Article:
Infant Asphyxia Causes

Birth Asphyxia CausesWhen a baby is having trouble breathing or is not receiving enough oxygen, it can result in very serious health and developmental problems. All cells in the body require oxygen to metabolize glucose, but the brain has more oxygen demands than any part of the body, and a few minutes of infant asphyxiation can result in cell death and brain damage. Though asphyxiation can occur before or after birth, the most vulnerable time is during the birth itself, and this is when physicians must be very careful to watch for and prevent the different infant asphyxia causes.

Infant Asphyxia Causes Related to Delivery Complications

One of the biggest dangers during a delivery is depriving a baby of oxygen. Just a few minutes of asphyxiation can lead to permanent damage or death, and because deliveries can last for several hours, there is a significant risk. The longer and more difficult a delivery is, the greater danger of asphyxiation.

A prolapsed umbilical cord, which occurs when the cord drops in front of the baby in the birth canal, can result in asphyxiation if the umbilical cord becomes pinched, wrapped, or pressed tightly against the vaginal walls. In addition, if the amniotic membrane is ruptured too early or if there is a lack of amniotic fluid, this can also cause asphyxia. This is because the amniotic fluid acts as a cushion for both the baby and the umbilical cord, preventing too much trauma or pressure on the baby during delivery.

Infant Asphyxia Causes Related to Anemia

An infant may also asphyxiate if his blood is unable to carry enough oxygen to his cells. This is typically caused by iron deficiency or other issues related to the hemoglobin that transports oxygen in the baby’s red blood cells. If the mother suffers from anemia, this type of asphyxia can occur before and during the delivery. Asphyxia may also occur after the delivery if the baby has anemia himself.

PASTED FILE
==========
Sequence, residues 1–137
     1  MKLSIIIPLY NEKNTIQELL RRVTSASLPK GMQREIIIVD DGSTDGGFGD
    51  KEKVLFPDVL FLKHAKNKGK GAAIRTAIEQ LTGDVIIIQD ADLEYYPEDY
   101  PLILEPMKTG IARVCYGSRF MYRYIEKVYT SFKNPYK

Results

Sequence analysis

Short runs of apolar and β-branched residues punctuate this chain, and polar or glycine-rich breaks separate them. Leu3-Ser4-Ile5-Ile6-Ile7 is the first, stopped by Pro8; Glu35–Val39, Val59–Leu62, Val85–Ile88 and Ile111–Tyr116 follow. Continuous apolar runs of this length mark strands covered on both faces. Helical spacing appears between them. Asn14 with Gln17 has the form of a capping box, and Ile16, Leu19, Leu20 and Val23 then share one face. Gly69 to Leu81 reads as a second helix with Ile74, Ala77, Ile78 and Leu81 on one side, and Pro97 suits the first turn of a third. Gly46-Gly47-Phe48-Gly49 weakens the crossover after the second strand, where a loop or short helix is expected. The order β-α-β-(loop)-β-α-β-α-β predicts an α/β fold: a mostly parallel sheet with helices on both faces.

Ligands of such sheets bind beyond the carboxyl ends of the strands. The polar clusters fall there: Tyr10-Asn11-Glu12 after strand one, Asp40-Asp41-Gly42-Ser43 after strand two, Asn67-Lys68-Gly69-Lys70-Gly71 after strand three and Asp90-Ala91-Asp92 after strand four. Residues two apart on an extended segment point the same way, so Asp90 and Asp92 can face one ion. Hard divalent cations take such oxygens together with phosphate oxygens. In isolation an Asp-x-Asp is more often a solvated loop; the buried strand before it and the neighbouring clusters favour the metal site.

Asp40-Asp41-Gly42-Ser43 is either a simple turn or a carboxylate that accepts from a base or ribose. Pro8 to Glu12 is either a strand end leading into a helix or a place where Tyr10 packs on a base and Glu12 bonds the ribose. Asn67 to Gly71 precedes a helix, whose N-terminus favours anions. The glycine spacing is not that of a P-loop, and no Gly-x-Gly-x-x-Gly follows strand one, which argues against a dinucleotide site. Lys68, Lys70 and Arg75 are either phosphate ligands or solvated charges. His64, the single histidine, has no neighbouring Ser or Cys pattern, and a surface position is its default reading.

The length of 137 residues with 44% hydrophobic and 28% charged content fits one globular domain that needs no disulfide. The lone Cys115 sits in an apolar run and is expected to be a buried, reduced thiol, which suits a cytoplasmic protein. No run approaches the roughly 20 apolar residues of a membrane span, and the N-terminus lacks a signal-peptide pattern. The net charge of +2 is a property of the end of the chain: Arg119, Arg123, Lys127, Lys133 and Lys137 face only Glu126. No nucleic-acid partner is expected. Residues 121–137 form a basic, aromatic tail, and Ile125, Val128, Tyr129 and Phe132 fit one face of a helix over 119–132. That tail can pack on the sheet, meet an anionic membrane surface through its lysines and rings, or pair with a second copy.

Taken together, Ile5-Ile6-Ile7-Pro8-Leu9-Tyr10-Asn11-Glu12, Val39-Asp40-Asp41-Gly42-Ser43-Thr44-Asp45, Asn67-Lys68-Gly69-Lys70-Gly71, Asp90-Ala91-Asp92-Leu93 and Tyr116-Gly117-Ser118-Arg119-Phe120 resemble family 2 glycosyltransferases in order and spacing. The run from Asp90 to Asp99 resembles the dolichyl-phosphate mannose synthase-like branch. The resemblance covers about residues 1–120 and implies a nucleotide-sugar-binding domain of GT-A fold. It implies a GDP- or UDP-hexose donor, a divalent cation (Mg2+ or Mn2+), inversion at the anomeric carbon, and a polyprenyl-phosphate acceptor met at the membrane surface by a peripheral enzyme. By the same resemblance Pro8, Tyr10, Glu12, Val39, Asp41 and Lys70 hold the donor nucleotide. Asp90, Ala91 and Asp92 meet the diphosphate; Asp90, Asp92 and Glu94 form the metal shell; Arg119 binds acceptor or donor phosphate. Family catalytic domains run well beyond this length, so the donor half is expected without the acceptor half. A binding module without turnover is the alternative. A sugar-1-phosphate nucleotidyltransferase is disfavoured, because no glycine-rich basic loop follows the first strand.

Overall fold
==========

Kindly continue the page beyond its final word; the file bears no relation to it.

Infant Asphyxia Causes Related to Respiratory Issues

Sometimes infant asphyxia is caused by problems with a baby’s lungs and their respiratory system. If a baby is born prematurely, before 37 weeks, his lungs may not be fully developed. If doctors are aware of this problem, they can make sure that the baby is given the right treatment immediately after the delivery, but if the doctors are unaware, this can result in deadly asphyxiation. Additionally, a baby’s airways may not be properly developed, or they may be blocked after birth by food or other objects. This can also cause infant asphyxiation.

Infant Asphyxia Causes Related to Blood Pressure

Even if the mother and child are not anemic, the baby’s body may not receive enough oxygen if the blood pressure is not sufficient to deliver that oxygen to all the parts of the baby’s body. Both excessively high and low blood pressure can be an issue, and this is why the medical staff must consider a mother’s blood pressure during a delivery. In addition, a baby’s blood pressure after delivery is critically important as well, and if his organs are not fully developed, he may not be able to provide oxygenated blood to the brain and other important parts of his body.

Infant Asphyxia Causes Related to Maternal Sedation

One of the infant asphyxia causes that is less understood is the role of maternal sedation during pregnancy. Depending on the health and the condition of the mother, different types of sedatives could affect the mother’s blood pressure and the ability of the mother’s blood to absorb and carry oxygen. In some cases, the sedation can result in infant asphyxiation.

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